The Geneva Convention Question
By Trevor Thompson
Jun 7, 2004

Recently, Al Gore delivered a fiery speech in which he lambasted the Bush administration for a number of transgressions, including lying to the American people, bungling the war on terror, breaching the Geneva Conventions, endangering national security, creating an unprecedented hatred of Americans worldwide, destroying civil liberties, and betraying the very essence of American values. It was a speech as startling in its unbridled hostility as it was heartening in its honesty — an "extraordinary" speech, according to the New York Times, the kind of impassioned rhetoric that impels people to act, something American politics has been missing for some time. "Those who agree must look for ways to defend the honor and perhaps the very identity of the United States as we've know it," wrote the New York Times, while "those who disagree with Mr. Gore should challenge him on his facts."

Not surprisingly, there are plenty of people who disagree with him, including the popular right-wing talk show host, Rush Limbaugh, whom Gore gave the dubious honor of singling out for embodying a "new political viciousness" in his callous treatment of the Abu Ghraib abuse scandal. In response, Limbaugh did exactly what the Times suggested: He challenged Gore on his facts, particularly on Gore's accusation that the Bush administration was willfully violating the Geneva Conventions in the war on terror.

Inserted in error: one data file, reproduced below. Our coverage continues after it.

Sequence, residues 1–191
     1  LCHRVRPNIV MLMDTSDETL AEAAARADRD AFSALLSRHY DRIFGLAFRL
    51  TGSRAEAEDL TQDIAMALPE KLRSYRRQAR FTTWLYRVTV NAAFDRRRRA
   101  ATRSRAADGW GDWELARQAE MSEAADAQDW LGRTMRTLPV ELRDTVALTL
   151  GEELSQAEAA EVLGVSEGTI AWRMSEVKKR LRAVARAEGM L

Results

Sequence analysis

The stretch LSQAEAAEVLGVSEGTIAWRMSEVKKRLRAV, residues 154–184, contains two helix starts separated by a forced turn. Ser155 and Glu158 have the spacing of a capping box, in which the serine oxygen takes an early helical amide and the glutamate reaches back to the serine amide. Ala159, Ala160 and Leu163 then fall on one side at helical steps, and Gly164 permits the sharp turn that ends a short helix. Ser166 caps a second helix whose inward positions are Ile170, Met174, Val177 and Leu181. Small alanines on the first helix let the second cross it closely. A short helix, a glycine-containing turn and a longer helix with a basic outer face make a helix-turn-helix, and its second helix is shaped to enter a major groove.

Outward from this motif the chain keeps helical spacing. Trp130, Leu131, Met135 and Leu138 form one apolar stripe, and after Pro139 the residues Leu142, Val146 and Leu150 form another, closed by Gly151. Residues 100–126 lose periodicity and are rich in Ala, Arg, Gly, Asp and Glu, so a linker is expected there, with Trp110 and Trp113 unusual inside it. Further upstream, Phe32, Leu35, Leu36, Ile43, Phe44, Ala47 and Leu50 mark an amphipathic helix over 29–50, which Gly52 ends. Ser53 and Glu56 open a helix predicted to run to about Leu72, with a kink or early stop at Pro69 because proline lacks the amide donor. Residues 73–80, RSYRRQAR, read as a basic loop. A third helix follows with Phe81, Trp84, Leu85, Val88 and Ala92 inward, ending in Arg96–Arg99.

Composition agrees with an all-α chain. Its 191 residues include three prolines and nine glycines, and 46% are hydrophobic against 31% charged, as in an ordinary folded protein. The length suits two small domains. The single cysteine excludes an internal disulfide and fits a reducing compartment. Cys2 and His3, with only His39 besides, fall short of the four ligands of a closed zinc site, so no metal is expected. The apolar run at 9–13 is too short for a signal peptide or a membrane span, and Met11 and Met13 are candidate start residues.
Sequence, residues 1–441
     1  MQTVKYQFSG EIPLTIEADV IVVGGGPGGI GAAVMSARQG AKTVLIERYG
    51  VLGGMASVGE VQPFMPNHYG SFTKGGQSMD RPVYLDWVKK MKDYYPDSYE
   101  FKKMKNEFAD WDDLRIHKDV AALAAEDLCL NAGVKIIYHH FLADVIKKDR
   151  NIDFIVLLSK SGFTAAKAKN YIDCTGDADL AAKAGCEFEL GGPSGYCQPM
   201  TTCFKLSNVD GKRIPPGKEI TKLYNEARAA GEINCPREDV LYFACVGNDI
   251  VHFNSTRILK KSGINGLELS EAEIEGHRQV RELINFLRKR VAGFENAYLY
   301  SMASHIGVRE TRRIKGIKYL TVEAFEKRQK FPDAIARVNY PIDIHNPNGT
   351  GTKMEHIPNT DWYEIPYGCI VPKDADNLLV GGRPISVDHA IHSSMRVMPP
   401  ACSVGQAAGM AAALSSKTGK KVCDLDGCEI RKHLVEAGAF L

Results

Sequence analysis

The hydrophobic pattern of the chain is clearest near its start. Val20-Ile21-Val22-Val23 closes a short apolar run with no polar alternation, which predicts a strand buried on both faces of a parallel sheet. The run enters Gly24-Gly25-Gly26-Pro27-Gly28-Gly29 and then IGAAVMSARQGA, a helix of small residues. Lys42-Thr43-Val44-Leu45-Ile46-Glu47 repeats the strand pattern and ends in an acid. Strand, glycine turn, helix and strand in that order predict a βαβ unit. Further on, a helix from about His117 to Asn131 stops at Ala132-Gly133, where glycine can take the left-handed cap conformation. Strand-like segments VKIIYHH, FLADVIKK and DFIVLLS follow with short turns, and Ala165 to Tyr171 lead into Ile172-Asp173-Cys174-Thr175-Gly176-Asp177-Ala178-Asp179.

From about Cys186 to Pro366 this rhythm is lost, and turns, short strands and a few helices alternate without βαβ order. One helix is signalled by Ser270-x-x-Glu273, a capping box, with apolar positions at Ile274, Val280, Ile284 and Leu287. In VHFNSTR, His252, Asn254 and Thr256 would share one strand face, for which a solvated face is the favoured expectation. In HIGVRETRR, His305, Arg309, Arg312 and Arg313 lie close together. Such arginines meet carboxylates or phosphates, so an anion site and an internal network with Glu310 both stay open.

"He's flailing around wildly," Limbaugh complained on his radio show the day following Gore's speech. "He's making statements that are flat-out lies in this speech . . . for example, the Geneva Conventions. I don't know how many of you know this, the Geneva Conventions do not protect terrorists. They protect soldiers who serve under a nation who wear uniforms who carry their weapons openly . . ."

Wait a minute — the Geneva Conventions don't protect terrorists? If this is true, then maybe it isn't such a big deal that American forces treated the prisoners at Abu Ghraib so harshly. The pictures of naked bodies piled in a pyramid or of prisoners being sexually assaulted with chemical light sticks are distasteful, sure, but war in general is a nasty business. And this new war, this war on terror, is on a whole new level of nastiness. As the former director of the CIA counterterrorist unit testified to Congress in 2002, "There was a before-9/11 and an after-9/11 . . . After 9/11 the gloves came off."

So, who's right? Do the Geneva Conventions protect the prisoners captured by the U.S. during the war on terror, or don't they?

The Geneva Conventions were signed in 1949 and remain the most popular regulations concerning the laws of war. There are four conventions: Convention I addresses the treatment of wounded and sick soldiers in the field of battle; Convention II includes the treatment of wounded and sick soldiers at sea; Convention III regulates the treatment of Prisoners of War; Convention IV concerns the treatment of citizens in times of war.